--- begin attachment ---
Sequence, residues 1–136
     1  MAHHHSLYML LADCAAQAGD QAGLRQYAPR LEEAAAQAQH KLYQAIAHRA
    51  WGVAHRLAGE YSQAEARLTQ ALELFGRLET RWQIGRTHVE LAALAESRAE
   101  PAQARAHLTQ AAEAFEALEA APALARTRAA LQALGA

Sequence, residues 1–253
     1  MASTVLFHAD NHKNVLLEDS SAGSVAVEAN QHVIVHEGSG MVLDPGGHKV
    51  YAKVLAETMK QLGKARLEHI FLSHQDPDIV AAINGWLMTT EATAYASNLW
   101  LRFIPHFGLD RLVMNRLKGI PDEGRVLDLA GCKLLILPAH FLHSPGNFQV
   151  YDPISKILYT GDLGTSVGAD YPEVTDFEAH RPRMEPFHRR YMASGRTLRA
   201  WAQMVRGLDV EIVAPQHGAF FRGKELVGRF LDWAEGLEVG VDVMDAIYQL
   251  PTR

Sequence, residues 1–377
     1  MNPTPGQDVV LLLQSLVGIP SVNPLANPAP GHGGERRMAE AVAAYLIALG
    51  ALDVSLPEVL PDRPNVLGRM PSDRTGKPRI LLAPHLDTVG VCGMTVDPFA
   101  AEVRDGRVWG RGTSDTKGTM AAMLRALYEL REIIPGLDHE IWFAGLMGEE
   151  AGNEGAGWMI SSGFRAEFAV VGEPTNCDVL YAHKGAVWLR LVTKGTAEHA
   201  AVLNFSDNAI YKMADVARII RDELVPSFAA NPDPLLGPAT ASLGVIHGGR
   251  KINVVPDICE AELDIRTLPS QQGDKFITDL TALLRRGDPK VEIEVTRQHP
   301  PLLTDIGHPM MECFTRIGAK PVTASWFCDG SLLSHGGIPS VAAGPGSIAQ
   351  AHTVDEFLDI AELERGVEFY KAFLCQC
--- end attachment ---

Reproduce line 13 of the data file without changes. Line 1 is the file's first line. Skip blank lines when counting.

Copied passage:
     1  MNPTPGQDVV LLLQSLVGIP SVNPLANPAP GHGGERRMAE AVAAYLIALG